Hard boil 3 eggs, press the yolks through a fine sieve. (These whites are not used in this recipe.) Cream butter and add 1 1/2 cups sugar; reserve remaining 1 cup sugar. Separate remaining three eggs. Reserve whites in refrigerator. Make zest from 1/2 the lemon peel. When butter and sugar are light-colored, add the three sieved yolks alternately with flour and the three raw egg yolks. Add the lemon zest. The dough will be stiff, and for complete mixing you will have to knead it manually. If it is still too soft to roll out though, put it in the refrigerator overnight.

Heat oven to 350 F.

Mix remaining 1 cup sugar and chopped almonds. Roll out to 1/8 inch and cut with cookie cutter as desired. Brush tops with reserved egg whites and sprinkle with sugar and almonds. Bake on parchment paper for 10-15 minutes, or until very slightly brown.


This cookie falls apart in your mouth. The delicacy of the texture is beyond any other cookie I have met. The taste is pleasant, with a very faint hint of lemon (the original recipe says you may substitute 2 teaspoons brandy). My only complaint about this aristocratic cookie is its overly faint flavor. It would benefit from a teaspoon or two of vanilla and a half-teaspoon of salt, and perhaps whatever other flavorings you like. (See previous recipe with just the right amount of nutmeg, as an example.) I also don’t think that the sugar and almonds on top add very much.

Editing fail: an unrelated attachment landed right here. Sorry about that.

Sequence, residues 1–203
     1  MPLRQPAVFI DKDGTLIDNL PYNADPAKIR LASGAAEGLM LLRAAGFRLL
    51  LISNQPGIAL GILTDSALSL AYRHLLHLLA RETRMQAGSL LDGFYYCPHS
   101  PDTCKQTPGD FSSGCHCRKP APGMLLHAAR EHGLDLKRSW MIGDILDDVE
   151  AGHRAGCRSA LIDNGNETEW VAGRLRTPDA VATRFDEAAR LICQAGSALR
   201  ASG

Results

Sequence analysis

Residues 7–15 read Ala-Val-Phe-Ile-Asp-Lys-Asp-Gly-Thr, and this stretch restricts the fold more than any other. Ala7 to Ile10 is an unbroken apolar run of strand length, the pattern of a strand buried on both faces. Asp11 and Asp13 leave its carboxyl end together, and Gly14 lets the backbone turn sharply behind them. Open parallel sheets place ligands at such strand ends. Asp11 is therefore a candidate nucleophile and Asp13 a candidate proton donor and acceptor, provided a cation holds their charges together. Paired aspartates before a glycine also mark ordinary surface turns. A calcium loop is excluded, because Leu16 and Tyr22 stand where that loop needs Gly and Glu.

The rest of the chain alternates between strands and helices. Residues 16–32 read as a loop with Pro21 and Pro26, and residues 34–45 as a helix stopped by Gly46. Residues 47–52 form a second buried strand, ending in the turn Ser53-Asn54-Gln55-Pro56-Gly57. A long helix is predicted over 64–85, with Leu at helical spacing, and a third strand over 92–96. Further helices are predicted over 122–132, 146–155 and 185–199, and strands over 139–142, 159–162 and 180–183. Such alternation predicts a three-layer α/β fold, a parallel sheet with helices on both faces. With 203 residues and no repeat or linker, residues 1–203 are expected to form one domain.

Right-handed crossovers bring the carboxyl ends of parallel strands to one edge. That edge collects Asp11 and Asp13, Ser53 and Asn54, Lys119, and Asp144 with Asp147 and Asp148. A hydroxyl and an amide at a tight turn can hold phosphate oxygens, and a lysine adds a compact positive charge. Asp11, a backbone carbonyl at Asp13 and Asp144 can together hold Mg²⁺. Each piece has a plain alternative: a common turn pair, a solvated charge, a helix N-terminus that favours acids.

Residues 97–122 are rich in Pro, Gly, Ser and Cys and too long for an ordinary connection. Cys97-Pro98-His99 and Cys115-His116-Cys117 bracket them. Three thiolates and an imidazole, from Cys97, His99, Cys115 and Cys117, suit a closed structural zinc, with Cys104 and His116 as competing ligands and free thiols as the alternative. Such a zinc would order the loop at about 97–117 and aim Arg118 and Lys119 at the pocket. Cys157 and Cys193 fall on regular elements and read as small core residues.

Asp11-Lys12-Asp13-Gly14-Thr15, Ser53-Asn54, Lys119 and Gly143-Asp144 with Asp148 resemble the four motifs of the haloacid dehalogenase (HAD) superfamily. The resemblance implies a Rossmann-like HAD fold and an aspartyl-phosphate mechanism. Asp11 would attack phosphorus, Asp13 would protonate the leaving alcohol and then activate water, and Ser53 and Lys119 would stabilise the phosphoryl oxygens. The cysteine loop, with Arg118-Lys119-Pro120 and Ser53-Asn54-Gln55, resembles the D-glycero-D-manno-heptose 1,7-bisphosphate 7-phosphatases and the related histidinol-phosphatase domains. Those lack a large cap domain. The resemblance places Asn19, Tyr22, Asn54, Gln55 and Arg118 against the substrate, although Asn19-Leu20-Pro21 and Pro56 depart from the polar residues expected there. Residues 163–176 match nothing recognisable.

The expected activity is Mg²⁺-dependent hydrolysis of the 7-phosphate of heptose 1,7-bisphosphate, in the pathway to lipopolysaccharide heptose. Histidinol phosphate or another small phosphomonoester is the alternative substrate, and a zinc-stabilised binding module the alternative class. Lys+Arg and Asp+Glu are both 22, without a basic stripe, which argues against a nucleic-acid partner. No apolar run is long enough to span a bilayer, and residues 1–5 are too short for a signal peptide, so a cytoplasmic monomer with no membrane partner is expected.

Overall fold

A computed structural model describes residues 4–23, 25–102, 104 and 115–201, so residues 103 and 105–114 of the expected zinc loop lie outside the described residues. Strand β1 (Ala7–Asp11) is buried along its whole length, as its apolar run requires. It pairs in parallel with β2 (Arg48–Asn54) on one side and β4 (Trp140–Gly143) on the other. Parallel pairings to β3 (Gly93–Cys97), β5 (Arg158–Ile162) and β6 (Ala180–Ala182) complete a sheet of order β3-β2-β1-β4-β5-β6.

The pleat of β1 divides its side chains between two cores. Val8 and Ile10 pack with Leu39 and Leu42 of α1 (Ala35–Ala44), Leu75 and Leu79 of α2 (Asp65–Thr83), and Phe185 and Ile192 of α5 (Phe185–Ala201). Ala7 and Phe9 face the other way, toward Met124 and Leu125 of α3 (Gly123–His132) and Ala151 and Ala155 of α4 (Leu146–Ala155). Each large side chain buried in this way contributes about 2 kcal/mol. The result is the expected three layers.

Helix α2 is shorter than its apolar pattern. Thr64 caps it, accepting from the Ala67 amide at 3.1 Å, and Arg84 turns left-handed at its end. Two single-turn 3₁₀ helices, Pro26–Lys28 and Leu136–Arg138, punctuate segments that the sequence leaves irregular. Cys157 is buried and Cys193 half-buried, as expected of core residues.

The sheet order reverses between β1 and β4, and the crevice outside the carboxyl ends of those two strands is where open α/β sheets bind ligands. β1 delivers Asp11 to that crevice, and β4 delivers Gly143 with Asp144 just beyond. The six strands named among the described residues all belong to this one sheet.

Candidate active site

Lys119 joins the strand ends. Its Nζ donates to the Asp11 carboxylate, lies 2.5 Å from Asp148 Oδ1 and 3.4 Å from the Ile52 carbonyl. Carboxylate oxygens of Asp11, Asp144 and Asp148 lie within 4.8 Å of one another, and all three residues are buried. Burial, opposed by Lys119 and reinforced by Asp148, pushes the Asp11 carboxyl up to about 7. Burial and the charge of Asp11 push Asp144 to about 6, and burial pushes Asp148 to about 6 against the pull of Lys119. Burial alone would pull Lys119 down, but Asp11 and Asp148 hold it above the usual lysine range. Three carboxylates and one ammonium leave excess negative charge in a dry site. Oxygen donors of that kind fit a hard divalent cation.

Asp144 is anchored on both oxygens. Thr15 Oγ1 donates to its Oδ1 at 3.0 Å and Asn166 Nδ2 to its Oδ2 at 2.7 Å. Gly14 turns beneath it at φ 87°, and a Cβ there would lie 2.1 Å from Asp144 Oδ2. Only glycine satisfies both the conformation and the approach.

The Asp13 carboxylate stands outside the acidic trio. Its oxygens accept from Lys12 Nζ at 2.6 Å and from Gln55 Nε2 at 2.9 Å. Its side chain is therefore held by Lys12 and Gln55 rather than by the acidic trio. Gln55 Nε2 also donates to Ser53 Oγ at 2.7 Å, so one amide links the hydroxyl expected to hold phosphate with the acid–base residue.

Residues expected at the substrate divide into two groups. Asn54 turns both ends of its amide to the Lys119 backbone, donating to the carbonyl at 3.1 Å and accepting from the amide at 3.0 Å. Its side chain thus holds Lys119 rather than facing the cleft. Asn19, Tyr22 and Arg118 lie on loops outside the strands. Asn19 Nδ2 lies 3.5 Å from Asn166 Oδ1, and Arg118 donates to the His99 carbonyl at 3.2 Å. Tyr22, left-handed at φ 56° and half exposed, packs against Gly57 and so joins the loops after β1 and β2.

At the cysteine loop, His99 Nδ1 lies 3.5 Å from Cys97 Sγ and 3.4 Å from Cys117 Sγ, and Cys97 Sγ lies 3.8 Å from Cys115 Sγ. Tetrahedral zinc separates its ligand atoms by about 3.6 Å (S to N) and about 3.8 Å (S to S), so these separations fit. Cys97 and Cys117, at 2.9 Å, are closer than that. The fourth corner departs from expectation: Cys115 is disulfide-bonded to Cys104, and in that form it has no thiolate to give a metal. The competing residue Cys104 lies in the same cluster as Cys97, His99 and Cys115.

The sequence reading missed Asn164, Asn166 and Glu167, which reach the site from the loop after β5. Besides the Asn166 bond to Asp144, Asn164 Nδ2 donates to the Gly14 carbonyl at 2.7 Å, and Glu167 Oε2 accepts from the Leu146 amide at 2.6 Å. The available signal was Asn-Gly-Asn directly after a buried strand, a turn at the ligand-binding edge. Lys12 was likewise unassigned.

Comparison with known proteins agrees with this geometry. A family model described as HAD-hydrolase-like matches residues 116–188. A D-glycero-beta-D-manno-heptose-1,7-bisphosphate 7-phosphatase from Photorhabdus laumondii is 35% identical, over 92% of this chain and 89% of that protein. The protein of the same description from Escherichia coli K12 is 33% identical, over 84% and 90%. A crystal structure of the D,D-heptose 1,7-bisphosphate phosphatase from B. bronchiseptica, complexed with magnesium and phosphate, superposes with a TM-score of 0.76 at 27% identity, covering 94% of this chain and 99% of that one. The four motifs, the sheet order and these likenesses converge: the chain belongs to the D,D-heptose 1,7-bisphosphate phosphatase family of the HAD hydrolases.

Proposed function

This makes a lot of cookies. If you use a smallish cookie cutter, you will probably get at least twelve dozen. The recipe could be cut in half (with a little difficulty due to the 3 raw egg yolks) if you want fewer.

The sieved cooked egg yolks are interesting. I haven’t met that before, either. The purpose seems to get a little more eggy umami into the cookie while preserving its delicate texture. Raw egg, when it cooks, gives firmness and body to baked goods, which do not necessarily improve a cookie.

I tried making this cookie with a favorite flavor combination of mine, vanilla and lemon rind. I added 2 teaspoons of vanilla, 2 teaspoons of lemon zest (about a whole lemon’s worth), and 1/2 teaspoon salt. I brushed the tops with egg white and added a pecan half. The results were superb.

Next week: our last recipe this year, Jelly Centers, from 1948.


First photo below: Gourmet.  Second photo: mine



1 cup butter
2 cups sugar
4 eggs
4 cups flour
1/2 teaspoon salt
1/2 teaspoon cinnamon
1/4 teaspoon nutmeg
2 tablespoons sherry


Cream butter, add sugar and cream until light-colored. Beat eggs and add to butter and sugar. Mix flour with salt and spices. Mix it in, alternating with the sherry. Chill overnight.